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I've never really thought about the shape of the genome, but I can see how that would make a big difference.
This is really interesting, here's a link to the paper if anyone is interested in reading more http://nar.oxfordjournals.org/content/early/2010/10/27/nar.gkq955.abstract. I particularly like the technique they used, if they could apply it to human cells, I wonder if they could sort of create a kind of in vivo microarray, look at whether genes are upregulated or downregulated under different conditions. Very cool anyway!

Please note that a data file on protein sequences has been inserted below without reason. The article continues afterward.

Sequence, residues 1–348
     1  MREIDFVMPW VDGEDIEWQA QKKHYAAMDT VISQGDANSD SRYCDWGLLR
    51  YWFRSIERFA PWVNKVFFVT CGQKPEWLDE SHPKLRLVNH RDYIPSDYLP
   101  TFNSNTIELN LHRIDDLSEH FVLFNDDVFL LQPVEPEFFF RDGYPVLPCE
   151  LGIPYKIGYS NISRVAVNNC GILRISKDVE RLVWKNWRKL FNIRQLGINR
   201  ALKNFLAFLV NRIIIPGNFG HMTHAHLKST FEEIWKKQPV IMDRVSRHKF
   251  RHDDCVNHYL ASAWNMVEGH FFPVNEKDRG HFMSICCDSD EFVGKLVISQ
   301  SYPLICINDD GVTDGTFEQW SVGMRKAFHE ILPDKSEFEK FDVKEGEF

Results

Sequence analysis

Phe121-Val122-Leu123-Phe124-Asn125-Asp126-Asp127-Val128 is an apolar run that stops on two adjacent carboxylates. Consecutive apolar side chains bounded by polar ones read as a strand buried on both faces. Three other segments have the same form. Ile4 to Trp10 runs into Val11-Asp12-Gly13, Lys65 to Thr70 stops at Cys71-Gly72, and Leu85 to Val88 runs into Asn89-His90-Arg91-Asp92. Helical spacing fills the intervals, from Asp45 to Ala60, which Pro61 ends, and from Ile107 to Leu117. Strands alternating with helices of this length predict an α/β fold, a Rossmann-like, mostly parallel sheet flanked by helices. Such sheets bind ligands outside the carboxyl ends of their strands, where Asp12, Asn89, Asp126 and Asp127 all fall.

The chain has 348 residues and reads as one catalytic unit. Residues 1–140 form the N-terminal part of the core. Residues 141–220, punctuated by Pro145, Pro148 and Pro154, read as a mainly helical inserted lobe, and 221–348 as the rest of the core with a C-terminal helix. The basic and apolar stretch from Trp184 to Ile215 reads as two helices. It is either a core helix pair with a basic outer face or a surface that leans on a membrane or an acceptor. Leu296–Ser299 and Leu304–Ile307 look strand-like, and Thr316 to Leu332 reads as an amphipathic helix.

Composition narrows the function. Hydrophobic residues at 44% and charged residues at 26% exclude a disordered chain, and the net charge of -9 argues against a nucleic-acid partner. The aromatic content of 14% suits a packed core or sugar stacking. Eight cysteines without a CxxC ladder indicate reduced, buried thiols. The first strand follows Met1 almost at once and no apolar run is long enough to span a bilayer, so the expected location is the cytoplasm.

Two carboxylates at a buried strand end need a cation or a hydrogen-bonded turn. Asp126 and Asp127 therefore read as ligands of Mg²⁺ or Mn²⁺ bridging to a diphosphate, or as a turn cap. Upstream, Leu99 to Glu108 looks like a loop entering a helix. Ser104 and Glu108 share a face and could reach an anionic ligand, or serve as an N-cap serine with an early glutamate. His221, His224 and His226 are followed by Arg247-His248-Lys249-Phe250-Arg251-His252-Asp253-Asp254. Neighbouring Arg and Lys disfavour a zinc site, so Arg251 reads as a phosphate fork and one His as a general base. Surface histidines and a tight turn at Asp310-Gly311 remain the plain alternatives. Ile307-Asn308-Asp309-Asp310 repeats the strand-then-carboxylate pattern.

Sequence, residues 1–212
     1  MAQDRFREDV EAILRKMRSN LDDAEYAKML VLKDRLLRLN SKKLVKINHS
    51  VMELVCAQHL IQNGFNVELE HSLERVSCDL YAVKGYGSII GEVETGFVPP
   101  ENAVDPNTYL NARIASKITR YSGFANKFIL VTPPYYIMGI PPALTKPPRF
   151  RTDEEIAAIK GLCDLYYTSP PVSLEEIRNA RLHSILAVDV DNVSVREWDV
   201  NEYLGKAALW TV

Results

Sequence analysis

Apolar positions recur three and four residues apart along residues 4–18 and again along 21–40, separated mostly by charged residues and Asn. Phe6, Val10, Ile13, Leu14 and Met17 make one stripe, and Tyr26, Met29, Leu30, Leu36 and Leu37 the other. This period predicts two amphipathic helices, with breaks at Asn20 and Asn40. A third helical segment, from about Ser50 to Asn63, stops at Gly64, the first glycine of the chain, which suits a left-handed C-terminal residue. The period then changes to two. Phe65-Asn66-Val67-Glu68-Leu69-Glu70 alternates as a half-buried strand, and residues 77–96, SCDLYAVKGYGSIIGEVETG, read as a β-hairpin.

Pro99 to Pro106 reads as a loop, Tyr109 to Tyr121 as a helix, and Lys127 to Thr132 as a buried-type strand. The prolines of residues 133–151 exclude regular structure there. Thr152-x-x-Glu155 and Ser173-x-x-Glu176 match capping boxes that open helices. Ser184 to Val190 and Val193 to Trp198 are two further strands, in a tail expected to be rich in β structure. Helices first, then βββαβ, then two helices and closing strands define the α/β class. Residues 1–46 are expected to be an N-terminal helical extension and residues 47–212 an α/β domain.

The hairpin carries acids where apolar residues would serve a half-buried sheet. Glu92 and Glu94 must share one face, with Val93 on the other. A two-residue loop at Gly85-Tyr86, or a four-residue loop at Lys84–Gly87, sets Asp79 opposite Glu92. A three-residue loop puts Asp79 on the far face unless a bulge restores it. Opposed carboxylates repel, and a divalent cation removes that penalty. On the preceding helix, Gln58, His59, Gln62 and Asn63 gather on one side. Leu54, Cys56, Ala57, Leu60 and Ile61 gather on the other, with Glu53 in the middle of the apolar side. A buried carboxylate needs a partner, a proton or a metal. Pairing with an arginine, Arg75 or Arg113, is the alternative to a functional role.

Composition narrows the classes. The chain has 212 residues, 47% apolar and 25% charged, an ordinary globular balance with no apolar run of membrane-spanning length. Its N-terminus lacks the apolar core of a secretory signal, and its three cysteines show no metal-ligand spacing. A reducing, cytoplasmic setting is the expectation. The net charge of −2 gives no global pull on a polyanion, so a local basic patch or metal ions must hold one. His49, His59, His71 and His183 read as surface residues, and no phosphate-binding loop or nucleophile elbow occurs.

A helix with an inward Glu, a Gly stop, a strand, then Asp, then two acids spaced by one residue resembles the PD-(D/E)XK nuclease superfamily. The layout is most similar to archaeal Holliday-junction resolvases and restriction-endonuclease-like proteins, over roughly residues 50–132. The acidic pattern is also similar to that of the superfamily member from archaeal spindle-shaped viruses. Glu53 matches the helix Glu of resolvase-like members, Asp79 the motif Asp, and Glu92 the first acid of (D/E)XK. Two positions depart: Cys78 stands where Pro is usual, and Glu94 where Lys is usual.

What a wonderful article! You know, the 3-D confirmation of proteins have always been shown to be one of the most important aspects of its function. It is hard to believe that this idea had never been extrapolated to the human genome!
NMR studies in particular have really demonstrated how the distance between amino acids on opposite sides of a protein determine its substrate specificity and affinity.
Not sure that this will provide the same kind of insight as protein structure biology. Proteins require to be in their quarternary structure to function, therefore understanding the way it folds is the key to understanding the role of the protein. This is not the case for the genome.
Not necessarily though, isn't that kind of the point of the article, that in fact the shape of the genome might be just as important, maybe their are genomic structures we haven't elucidated yet.
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